frequently asked questions


Please note that the answers to these questions utilize the information provided by the Ohio State Medical Center in the Living Kidney Donor Candidate Education video that can be found on our home page.

Is living kidney donation safe for the donor?

Yes! Living kidney donation is a relatively low risk procedure. After donation, the donor will retain about 75% of their original kidney function, and the average life expectancy is the same as a person with both kidneys.

What happens if I, as the donor, end up needing a kidney?

If by some rare chance you need a kidney transplant later in life, you will be moved to the top of the transplant wait list because you have donated.

What if I qualify but am not a match?

It’s important to note that even if a donor’s blood type is not compatible with the recipient’s, there is still the option to be an indirect donor for your recipient through the Kidney Paired Donation Program. In a paired donation, an incompatible donor/recipient pair is matched with another incompatible donor/recipient pair for an exchange. Each donor gives a kidney to the other person’s intended recipient.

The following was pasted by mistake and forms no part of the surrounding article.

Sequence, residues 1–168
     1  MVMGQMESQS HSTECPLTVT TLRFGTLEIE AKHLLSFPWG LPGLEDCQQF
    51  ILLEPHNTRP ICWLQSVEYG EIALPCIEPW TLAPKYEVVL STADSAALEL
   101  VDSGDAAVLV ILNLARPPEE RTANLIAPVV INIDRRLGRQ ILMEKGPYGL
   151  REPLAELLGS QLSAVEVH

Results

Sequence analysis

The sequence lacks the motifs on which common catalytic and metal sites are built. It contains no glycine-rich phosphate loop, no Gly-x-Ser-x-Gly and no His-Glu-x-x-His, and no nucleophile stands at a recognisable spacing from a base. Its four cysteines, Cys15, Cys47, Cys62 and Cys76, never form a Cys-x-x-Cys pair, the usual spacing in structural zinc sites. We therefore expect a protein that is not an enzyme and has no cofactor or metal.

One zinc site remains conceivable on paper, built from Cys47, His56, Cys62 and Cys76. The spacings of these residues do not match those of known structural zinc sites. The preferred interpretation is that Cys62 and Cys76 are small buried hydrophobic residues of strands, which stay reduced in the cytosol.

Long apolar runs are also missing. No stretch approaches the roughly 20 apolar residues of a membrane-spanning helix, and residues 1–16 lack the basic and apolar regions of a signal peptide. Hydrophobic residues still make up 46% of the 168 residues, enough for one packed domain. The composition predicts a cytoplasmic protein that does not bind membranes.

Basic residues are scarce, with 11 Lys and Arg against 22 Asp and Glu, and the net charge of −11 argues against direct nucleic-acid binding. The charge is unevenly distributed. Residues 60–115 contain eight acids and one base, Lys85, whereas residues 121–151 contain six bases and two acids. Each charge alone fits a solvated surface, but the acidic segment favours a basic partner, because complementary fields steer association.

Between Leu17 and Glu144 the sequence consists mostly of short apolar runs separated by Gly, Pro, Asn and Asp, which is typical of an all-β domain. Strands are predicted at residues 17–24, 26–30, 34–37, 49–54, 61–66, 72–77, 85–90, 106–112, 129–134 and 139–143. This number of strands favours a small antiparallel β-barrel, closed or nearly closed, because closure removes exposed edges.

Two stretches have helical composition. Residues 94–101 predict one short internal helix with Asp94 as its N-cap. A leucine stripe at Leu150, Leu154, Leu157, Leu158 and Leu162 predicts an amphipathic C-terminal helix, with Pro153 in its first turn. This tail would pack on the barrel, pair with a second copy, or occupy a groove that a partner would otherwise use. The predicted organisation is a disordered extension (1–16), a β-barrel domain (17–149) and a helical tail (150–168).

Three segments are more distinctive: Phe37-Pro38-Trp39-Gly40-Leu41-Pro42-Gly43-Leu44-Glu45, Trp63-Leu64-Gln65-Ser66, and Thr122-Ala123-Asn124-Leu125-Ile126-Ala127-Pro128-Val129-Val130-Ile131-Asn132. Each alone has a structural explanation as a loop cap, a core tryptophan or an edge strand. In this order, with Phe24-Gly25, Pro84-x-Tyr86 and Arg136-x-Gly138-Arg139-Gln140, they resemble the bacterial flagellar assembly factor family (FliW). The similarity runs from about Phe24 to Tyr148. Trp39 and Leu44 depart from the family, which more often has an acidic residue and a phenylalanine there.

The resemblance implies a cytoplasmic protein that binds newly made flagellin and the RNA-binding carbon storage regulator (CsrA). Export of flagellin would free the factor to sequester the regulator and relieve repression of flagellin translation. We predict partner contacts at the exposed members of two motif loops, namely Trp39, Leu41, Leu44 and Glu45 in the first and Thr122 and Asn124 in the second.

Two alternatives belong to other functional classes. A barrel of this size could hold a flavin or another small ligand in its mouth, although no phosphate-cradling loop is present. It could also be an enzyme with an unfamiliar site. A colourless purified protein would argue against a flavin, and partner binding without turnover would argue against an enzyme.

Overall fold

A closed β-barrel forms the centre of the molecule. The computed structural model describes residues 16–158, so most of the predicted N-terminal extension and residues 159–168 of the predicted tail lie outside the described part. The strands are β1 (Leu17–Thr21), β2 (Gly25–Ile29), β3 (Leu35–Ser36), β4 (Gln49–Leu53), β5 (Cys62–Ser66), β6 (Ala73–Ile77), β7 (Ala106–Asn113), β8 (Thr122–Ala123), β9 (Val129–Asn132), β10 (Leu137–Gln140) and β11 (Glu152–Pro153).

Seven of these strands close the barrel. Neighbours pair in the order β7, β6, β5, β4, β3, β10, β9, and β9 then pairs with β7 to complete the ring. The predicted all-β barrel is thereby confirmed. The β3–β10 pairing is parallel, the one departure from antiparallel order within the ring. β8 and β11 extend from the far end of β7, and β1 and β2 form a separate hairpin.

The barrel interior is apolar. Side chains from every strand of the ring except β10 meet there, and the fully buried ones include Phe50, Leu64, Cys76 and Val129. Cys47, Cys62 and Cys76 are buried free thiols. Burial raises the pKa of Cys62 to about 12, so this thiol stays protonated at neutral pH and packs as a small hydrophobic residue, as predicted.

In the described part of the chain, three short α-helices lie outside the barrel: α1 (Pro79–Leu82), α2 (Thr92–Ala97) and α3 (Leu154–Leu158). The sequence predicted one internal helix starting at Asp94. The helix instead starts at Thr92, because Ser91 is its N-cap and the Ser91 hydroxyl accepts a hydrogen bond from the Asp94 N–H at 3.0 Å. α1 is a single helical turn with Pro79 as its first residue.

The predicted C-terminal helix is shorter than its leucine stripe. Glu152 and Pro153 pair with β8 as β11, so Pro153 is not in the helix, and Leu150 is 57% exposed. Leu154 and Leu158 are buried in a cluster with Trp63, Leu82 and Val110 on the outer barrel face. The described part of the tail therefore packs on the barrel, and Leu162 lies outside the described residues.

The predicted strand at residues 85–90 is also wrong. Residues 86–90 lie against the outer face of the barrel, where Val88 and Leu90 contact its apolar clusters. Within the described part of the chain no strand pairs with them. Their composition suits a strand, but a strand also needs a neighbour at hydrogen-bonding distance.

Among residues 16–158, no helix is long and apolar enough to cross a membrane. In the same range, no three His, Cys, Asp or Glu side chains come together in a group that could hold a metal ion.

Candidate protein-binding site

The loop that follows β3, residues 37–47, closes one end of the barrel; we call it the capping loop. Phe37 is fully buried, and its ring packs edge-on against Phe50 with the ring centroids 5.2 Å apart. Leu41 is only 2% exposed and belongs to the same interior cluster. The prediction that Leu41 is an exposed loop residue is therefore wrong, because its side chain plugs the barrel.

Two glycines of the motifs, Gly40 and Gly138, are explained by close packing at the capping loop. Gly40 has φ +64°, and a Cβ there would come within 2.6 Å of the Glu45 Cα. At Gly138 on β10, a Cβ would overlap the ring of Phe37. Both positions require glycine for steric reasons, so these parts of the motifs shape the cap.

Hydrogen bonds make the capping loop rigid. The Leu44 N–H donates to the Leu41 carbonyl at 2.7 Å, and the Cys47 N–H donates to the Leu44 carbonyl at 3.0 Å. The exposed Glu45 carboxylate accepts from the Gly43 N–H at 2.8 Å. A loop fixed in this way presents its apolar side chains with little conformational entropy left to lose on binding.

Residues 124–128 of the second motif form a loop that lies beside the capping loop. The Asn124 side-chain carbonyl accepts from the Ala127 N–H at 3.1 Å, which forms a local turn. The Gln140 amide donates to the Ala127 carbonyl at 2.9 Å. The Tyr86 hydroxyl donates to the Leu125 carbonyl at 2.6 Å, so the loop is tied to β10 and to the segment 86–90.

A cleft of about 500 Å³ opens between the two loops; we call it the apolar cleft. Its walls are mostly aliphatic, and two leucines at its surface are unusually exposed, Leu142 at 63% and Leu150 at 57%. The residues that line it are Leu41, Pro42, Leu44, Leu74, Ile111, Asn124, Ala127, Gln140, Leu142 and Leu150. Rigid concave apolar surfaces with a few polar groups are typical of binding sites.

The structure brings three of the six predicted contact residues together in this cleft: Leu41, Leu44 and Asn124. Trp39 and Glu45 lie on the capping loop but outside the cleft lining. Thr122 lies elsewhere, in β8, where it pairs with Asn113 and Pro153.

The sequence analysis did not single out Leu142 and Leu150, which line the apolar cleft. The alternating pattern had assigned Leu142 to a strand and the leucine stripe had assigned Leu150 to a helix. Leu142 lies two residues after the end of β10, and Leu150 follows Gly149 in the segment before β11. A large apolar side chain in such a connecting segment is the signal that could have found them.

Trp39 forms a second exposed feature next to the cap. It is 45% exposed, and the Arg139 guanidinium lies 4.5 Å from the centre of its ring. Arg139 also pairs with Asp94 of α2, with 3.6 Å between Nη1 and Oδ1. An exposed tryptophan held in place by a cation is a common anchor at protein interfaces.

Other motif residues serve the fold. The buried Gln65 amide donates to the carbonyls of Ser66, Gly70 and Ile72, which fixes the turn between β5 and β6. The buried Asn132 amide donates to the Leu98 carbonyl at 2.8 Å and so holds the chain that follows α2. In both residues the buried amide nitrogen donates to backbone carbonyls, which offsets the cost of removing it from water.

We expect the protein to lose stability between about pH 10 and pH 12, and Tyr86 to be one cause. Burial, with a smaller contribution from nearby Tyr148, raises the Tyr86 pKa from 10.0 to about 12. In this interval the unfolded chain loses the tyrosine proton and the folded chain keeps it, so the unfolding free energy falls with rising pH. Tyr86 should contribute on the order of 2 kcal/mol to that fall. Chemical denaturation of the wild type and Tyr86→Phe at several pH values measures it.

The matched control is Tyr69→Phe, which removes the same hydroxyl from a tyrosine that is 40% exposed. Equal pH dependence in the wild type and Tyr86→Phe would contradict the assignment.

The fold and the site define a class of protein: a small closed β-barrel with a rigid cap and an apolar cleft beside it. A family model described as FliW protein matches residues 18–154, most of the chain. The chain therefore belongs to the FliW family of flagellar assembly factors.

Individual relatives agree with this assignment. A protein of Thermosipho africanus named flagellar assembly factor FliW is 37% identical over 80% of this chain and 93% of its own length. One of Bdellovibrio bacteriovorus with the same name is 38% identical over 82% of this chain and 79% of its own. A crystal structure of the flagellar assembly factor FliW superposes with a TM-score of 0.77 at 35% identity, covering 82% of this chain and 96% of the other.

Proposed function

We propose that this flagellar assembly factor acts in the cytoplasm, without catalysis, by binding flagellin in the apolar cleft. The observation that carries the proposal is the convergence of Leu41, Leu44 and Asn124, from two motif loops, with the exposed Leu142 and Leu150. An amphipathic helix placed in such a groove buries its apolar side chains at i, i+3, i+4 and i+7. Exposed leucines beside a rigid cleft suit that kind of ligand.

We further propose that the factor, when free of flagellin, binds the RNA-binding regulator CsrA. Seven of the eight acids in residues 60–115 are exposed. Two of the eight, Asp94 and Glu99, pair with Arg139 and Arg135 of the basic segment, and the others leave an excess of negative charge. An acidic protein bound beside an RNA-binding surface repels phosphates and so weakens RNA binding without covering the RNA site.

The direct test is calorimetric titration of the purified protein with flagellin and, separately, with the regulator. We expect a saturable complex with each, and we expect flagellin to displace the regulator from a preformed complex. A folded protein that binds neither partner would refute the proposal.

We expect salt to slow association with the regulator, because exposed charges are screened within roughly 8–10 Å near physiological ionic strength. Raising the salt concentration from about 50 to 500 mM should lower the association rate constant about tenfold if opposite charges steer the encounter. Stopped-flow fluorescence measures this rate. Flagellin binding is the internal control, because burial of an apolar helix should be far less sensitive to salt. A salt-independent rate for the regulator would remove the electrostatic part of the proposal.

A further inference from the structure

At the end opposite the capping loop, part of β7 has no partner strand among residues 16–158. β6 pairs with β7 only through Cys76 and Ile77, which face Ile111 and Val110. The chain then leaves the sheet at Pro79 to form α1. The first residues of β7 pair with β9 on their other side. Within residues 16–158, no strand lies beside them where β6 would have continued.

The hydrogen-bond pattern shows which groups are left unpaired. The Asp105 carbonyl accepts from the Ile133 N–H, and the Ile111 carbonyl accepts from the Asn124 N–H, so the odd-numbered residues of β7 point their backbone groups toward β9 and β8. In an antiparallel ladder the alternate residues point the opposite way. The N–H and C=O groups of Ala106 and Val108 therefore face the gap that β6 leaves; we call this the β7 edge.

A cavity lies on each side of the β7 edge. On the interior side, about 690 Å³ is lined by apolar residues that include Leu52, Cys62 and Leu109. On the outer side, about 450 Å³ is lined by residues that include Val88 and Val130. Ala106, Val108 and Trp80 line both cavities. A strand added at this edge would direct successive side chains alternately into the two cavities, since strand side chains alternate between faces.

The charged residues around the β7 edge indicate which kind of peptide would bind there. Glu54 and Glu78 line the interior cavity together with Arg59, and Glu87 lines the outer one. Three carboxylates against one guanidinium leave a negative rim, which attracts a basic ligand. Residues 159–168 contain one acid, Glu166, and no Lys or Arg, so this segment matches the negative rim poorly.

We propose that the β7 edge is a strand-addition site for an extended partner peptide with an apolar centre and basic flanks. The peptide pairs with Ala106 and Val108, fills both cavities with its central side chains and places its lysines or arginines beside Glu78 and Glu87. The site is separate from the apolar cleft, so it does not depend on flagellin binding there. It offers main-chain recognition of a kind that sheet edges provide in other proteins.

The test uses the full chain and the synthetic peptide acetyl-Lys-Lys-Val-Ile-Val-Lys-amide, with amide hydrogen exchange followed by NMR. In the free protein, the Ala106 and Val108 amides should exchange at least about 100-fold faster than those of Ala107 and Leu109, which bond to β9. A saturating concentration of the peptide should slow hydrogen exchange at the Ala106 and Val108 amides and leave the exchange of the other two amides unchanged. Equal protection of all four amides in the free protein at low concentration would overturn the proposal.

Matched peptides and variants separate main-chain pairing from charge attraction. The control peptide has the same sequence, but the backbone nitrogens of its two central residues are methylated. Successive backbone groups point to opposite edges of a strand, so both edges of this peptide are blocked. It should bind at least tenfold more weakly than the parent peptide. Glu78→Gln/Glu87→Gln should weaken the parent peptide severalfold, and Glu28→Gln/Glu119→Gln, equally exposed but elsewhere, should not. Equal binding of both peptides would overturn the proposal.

Who pays for the surgery?

The recipient’s insurance pays for the testing, evaluation, and surgery expenses.

What happens if I change my mind about donating?

You may back out of the procedure at any time. All medical information is always kept confidential

What is the donation process?

For a detailed breakdown of the process, please refer to the video mentioned above that can be found on our home page. In simple terms, the donation process can be broken down into six steps. Some of these steps may run concurrently.

  1. The referral phase: Online Living Donor Assessment, Meet the Criteria to be a Living Donor
  2. Education Phase: Understanding the Risks and Rewards of the Procedure.
  3. Evaluation and Testing: Ensure You are in the Best Health for Donation.
  4. Patient Selection Committee: Review of Your Tests and Medical History, Committee Determines If You Will Be Recommended as a Living Donor.
  5. Pre-Admission Testing: 10-14 Days Prior to Surgery, Blood Drawn to Confirm Tissues Match Intended Recipient, Screen for Diseases.
  6. Donation Surgery: The Life-Saving Procedure!